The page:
Ashkhen, her husband, and two daughters Serli, 3, and Arpi, 9, fled Syria and came to Yerevan following the first explosion in their Aleppo neighborhood on July 23, 2012. 

Ashkhen and Vartan spent 12 years building their lives in Aleppo where Vartan opened a pharmacy and Ashkhen worked in a literary magazine, writing articles, poems and novels. The couple, and their children, lived in the home of Vartan's parents, but always dreamed  of their own. Finally, in 2011 the couple secured a loan and purchased their apartment, only to leave everything behind and flee just a short year later.

When they arrived in Armenia, the family was placed in a dormitory in the outskirts of Yerevan. With no other option,  and despite the very poor conditions, they stayed. Because of the hardships, Ashkhen developed a benign tumor in her breast and underwent an operation to remove it. During this time, Vartan found work as a pharmacist and Ashkhen got a job in a second-hand clothing store, but they still struggled to make ends meet. 

After 1 year and 7 months, the family was obliged to leave the dormitory as both Ashkhen and Vartan had Armenian nationalities and were therefore no longer considered refugees. In order to ensure the family's safety and security, Mission Armenia NGO provided them with a subsidy to rent an apartment in one of the suburbs of the capital.

Arpi and Serli doing their homework 

Arpi and Serli doing their homework 

Frustrated with the living conditions in Yerevan, Vartan emigrated to Sweden and surrendered in a refugee camp. However, he was refused asylum and has since been separated from his family.  His health has deteriorated, and he is now waiting for an operation on his kidneys before returning to Armenia.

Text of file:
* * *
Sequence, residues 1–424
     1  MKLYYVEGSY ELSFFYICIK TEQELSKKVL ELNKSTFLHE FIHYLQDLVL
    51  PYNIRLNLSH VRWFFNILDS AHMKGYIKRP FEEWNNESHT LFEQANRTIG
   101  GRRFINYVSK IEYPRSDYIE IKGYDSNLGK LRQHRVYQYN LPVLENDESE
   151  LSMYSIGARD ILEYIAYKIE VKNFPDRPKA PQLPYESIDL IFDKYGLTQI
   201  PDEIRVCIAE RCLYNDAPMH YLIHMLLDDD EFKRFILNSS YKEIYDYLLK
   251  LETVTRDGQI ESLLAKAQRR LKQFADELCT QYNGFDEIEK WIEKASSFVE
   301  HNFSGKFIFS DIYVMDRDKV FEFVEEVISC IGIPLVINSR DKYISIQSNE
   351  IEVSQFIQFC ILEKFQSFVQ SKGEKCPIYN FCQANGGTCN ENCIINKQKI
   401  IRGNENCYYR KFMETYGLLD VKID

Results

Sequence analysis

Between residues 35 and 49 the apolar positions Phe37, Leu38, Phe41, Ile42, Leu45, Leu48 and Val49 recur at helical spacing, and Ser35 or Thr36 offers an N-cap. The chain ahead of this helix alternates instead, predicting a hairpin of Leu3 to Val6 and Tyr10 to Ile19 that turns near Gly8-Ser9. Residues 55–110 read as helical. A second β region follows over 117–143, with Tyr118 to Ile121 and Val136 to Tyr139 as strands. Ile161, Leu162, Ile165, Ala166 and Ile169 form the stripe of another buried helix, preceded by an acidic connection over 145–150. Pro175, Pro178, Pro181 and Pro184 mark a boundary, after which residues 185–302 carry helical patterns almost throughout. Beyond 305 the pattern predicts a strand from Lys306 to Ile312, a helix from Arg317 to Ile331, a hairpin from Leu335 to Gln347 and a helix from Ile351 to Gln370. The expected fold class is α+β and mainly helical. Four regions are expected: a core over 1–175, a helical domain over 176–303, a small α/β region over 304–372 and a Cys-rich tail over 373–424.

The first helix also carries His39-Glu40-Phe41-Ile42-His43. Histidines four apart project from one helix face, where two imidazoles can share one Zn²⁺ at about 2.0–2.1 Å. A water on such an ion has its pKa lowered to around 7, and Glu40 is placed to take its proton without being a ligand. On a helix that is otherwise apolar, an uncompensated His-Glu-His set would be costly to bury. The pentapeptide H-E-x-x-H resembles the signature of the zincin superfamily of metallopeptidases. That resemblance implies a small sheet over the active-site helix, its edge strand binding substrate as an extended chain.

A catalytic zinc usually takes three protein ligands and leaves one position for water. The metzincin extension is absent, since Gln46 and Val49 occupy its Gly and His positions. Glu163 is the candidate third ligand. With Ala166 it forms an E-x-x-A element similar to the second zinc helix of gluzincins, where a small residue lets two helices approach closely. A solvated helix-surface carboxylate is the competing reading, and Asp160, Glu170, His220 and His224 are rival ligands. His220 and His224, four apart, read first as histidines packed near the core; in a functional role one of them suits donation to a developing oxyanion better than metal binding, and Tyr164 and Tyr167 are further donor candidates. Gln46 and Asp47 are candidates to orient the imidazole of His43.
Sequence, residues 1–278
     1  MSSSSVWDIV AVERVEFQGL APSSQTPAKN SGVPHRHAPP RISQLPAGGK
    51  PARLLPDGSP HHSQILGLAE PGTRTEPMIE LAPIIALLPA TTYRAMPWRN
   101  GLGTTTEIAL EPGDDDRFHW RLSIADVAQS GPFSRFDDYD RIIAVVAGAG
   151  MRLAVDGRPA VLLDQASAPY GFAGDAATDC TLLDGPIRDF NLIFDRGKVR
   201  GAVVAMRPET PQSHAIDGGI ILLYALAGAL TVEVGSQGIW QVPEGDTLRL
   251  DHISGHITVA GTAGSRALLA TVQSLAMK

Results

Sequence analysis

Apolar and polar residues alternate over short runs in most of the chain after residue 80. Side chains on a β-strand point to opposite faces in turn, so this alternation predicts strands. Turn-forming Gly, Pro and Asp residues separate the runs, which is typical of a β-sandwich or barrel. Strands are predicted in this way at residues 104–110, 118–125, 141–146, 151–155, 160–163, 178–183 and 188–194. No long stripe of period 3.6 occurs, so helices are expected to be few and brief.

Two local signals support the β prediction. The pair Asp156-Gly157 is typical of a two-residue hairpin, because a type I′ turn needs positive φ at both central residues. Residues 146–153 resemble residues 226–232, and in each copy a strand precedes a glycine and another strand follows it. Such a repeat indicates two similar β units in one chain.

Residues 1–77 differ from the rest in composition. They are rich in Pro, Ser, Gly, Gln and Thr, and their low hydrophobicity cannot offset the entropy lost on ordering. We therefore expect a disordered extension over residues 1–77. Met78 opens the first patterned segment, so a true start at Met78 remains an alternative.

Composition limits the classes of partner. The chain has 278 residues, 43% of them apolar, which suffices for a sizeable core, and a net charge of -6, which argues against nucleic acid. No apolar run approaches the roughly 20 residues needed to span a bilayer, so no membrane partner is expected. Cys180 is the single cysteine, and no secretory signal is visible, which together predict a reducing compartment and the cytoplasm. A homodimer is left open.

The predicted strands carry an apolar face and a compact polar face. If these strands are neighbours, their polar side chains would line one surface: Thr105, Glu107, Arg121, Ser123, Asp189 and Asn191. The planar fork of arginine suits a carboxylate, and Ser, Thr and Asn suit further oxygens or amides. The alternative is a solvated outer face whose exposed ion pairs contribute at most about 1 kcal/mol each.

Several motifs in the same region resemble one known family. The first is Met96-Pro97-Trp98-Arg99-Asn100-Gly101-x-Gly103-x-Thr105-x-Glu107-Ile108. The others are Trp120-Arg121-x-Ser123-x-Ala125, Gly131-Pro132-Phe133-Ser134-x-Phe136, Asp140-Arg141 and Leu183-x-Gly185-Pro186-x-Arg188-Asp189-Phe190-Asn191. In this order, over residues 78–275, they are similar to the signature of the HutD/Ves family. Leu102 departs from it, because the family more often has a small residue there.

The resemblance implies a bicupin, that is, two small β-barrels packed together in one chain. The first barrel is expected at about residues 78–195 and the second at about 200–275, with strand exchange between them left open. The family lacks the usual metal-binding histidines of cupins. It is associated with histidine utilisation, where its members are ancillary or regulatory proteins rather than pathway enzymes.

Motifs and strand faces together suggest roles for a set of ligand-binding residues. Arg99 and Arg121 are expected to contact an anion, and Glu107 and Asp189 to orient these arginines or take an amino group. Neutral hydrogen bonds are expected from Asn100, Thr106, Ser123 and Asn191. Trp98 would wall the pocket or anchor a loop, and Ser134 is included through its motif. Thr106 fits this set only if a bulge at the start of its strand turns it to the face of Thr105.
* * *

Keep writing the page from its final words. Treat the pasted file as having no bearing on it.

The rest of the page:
The family stays in touch through Viber and Skype, but the children miss their father terribly and hope to be united soon.

Ashkhen has hopes for a new life in Dilijan, where she spent her honeymoon with Vartan in 2000. She, along with a group of fellow refugees, visited Dilijan with ASBA and the Armenian Redwood Project in November 2015. She has applied to participate in ARP's supportive housing pilot project and will be receiving a 2-year full rent subsidy as well as social services to assist with socio-economic integration.  On January 1, 2016 Ashkhen will finally have an opportunity to start a new life and raise her children in Dilijan.

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Askhen's circumstances are not unlike many Syrian families.  As Vartan's case demonstrates, westward migration is not always a possibility and many families simply cannot afford to live in Yerevan, even with two members of the family working.

The Armenian Redwood Project is conducting a small pilot experiment with ASBA to reduce many of the barriers to socio-economic integration in regions outside of Yerevan for refugees like Ashkhen and Vartan. We believe that Syrian refugees can be a rich source of human capital to emerging regions like Dilijan, which is currently the fastest growing urban area in Armenia.  Together with ASBA, the Armenian Redwood Project is cooperating with the Municipality of Dilijan to welcome Syrian refugees an provide various benefits upon moving into one of Armenia's growing cities. ARP is also coordinating across agencies to make Ashkhen's transition easier;  ARP is working with UNHCR Armenia to get Ashkhen a one time allowance for basic household furniture.  Mission Armenia NGO will be providing mattresses and blankets. The Aleppo Compatriot Charitable Organization another important partner that has long worked with the ARP in showcasing Dilijan to refugees will continue to be involved and provide support. 

Together with all our operating partners, we look forward to empower Ashkhen to build a new life soon and hope it will be followed by other Syrian Refugees looking to build a new life in the beautiful city of Dilijan.

 

Askhen and other Syrian refugees on their first trip to Dilijan listening to Mr. Ara Nazinyan from ASBA

Askhen and other Syrian refugees on their first trip to Dilijan listening to Mr. Ara Nazinyan from ASBA

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